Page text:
In a “Dear Colleague” letter to university administrators, the U. S. Department of Education reversed the Obama Administration’s guidance urging school officials to go above and beyond, some would say outside, the law while investigating charges of sexual harassment under Title IX laws.
“These guidance documents interpreted Title IX to impose new mandates related to the procedures by which educational institutions investigate, adjudicate, and resolve allegations of student-on-student sexual misconduct,” the new letter reads. “The 2011 Dear Colleague Letter required schools to adopt a minimal standard of proof—the preponderance-of-the-evidence standard—in administering student discipline, even though many schools had traditionally employed a higher clear-and-convincing-evidence standard.”
“The Letter insisted that schools with an appeals process allow complainants to appeal not-guilty findings, even though many schools had previously followed procedures reserving appeal for accused students. The Letter discouraged cross-examination by the parties, suggesting that to recognize a right to such cross-examination might violate Title IX. The Letter forbade schools from relying on investigations of criminal conduct by law-enforcement authorities to resolve Title IX complaints, forcing schools to establish policing and judicial systems while at the same time directing schools to resolve complaints on an expedited basis. The Letter provided that any due-process protections afforded to accused students should not ‘unnecessarily delay’ resolving the charges against them.”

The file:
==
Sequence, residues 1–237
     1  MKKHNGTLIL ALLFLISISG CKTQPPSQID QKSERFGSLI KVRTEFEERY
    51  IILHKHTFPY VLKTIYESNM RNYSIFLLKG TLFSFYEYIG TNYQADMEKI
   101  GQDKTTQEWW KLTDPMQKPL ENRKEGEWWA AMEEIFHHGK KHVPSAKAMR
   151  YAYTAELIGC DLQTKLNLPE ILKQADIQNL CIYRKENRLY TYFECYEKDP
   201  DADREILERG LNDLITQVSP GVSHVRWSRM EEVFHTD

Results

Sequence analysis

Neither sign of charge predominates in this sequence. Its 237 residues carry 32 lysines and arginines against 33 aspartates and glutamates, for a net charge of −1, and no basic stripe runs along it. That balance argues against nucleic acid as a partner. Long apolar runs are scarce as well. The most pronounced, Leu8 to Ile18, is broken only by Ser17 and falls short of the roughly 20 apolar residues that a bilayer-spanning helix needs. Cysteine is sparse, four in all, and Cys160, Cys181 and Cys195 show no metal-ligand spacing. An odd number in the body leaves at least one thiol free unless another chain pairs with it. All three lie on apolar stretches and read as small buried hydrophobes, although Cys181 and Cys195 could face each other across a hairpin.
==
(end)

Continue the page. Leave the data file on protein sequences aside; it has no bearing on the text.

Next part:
To those of us who have followed the Obama Administration’s machinations on Title IX, and much else, it does not come as much of a surprise that the last two Secretaries of Education skirted traditional practice, if not legal guidelines, in consulting no one when they undertook their transformation of Title IX. “The Department imposed these regulatory burdens without affording notice and the opportunity for public comment,” the new letter reads. “Under these circumstances, the Department has decided to withdraw the above-referenced guidance documents in order to develop an approach to student sexual misconduct that responds to the concerns of stakeholders and that aligns with the purpose of Title IX to achieve fair access to educational benefits.”
“The Department intends to implement such a policy through a rulemaking process that responds to public comment. The Department will not rely on the withdrawn documents in its enforcement of Title IX.”